If only he could piece things together

So what is actually happening is that, exactly as modern monetary theory says, government cash injections create private saving. And when the government injects money into the economy private wealth increases. The government has done that through QE and not debt, but there’s still more money, and the reality is that as this chart shows a great many people will have a great deal more savings as a result.

So is there a cost to all this? Undoubtedly there is. But it’s not to the government, where interest costs are falling. It’s to society at large as inequality grows. That’s the side effect of this crisis.

Oh. Cool.

On the very same day he also tells us that:

In other words, negative real interest rates are here to stay for now.

Which is interesting, don;t you think? For investing in something with a negative real return doesn’t look like a great way to get rich….

5 thoughts on “If only he could piece things together”

  1. The whole purpose of the government cash injections are to create private spending, to alleviate the cut in spending due to lockdown.
    MMT says *nothing* about this as it doesn’t envisage lockdown.

  2. That’s nonsense. (of course). That extra money must come at the expense of devaluing the value of holders of existing money. aka ‘inflation’. If you double the quantity of a commodity or product and all things being equal you halve its price. Or have I missed something?

  3. At least we now know for sure that Stephanie Kelton’s book is not worth serious effort to read.

    “I have some interest in Stephanie Kelton’s book ‘The Deficit Myth’. My name is on the back cover of the UK edition, after all.” Richard Murphy

  4. “For investing in something with a negative real return doesn’t look like a great way to get rich…”

    One of the reasons for negative interest rates is to deter foreign capital inflows. This is because foreign investors can still make money on negative interest rates if the currency is appreciating. Here is a quote from an older article:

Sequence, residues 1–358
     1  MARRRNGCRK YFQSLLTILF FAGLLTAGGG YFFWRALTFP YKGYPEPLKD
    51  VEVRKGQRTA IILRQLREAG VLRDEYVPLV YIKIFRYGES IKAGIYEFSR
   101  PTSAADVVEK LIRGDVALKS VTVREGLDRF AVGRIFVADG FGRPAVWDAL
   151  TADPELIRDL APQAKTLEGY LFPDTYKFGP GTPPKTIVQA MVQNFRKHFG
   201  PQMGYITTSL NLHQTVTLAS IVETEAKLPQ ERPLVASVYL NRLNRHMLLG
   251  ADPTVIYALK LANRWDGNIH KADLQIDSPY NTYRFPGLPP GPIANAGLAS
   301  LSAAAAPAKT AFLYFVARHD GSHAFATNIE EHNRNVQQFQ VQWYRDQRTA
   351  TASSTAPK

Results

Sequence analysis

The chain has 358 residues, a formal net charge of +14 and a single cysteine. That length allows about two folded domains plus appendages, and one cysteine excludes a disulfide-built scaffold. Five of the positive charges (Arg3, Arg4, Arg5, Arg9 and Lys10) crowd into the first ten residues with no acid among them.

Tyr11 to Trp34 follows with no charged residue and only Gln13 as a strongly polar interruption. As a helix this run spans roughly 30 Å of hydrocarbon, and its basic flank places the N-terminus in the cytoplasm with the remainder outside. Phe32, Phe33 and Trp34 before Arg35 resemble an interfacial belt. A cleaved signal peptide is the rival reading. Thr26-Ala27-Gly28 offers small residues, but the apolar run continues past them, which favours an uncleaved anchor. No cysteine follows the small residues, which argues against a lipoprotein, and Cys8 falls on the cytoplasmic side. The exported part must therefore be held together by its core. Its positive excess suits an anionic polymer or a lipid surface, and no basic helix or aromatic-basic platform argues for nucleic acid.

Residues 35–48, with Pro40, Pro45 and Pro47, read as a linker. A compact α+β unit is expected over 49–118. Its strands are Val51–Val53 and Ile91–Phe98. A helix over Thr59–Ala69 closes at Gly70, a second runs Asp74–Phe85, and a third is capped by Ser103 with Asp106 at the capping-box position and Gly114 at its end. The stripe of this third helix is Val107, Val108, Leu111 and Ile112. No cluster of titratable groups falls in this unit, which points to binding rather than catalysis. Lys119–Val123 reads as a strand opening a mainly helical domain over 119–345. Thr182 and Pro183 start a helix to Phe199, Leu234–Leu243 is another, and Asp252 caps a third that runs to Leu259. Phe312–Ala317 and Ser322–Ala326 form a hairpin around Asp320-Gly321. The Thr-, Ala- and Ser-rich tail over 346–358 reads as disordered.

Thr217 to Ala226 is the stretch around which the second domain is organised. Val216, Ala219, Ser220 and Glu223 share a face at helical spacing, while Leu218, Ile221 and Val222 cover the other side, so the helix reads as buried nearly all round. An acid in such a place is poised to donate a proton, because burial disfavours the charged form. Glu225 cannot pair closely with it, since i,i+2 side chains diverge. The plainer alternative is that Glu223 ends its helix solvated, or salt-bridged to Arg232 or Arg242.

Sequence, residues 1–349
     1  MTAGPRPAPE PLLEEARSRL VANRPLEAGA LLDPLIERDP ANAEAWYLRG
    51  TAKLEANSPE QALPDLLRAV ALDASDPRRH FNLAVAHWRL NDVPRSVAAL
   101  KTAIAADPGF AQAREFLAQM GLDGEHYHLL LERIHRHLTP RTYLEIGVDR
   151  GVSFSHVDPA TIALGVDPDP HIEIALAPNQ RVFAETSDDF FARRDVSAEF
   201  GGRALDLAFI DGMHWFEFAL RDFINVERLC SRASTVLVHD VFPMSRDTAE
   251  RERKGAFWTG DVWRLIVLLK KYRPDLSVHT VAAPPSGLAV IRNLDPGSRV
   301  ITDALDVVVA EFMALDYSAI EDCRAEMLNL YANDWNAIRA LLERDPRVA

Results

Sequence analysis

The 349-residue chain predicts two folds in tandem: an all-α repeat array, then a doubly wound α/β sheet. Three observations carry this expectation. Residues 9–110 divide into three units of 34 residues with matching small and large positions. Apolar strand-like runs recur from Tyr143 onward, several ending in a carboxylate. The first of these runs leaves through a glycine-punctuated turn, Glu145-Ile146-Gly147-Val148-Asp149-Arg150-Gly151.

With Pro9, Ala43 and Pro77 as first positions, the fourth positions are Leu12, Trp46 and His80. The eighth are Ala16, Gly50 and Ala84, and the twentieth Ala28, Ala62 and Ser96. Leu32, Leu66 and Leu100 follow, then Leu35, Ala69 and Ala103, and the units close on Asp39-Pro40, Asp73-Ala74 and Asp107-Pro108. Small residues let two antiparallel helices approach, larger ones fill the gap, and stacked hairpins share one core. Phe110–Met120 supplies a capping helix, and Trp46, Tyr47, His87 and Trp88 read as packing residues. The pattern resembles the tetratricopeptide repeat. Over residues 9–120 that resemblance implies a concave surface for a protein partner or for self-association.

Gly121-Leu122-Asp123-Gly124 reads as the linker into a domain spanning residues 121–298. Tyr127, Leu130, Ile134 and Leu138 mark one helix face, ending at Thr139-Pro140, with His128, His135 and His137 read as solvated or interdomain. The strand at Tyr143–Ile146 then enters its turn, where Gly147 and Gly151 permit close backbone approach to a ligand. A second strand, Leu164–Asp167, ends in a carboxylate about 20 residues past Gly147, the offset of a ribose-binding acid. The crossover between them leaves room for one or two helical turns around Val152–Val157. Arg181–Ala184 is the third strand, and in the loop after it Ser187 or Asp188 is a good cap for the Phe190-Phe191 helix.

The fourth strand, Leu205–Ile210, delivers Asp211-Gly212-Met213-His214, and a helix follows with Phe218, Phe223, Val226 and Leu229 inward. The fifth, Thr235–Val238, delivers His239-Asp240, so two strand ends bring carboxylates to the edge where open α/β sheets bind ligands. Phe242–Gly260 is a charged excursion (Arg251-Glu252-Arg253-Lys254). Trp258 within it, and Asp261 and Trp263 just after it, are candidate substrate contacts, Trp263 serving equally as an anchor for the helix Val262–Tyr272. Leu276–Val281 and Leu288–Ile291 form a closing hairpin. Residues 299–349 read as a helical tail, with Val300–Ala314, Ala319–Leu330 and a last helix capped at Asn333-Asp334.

“The implied forward exchange rates for any pair of currencies is determined by the spot exchange rate, the differential of the money market rates for that tenor and the cross-currency basis swap, which essentially measures the demand and supply mismatch for the two currencies. For the purpose of this discussion we don’t need to understand the details of the basis swap. The only thing that the reader needs to know is that if he buys a German Bund at a negative yield of -0.25%, and then if he hedges the currency risk by selling the Euro currency forward to convert the proceeds over the hedge horizon into dollars, he is selling the forward exchange rate at a higher price than the spot exchange rate, so the difference between the forward exchange rate and the spot exchange rate can be considered additional “yield” coming from the hedge.

    This forward currency hedging generates about 3%, so when we add 3% to -0.25%, we now have a negatively yielding ten year German Bund yielding +2.75% for a US investor! Similarly, a 3 month German Bund yielding -0.50% is about 2.5% hedged yield, and a two year German Bund yielding -0.67% is equivalent to a 2.30% hedged yield. On the other hand, for a Euro based investor, the act of hedging the currency risk reduces the yield of a ten year maturity Treasury note to -0.83%! In other words it converts positive US dollar yields (for a US Dollar investor) to negative yields (for a Euro investor).”
    [end quote]

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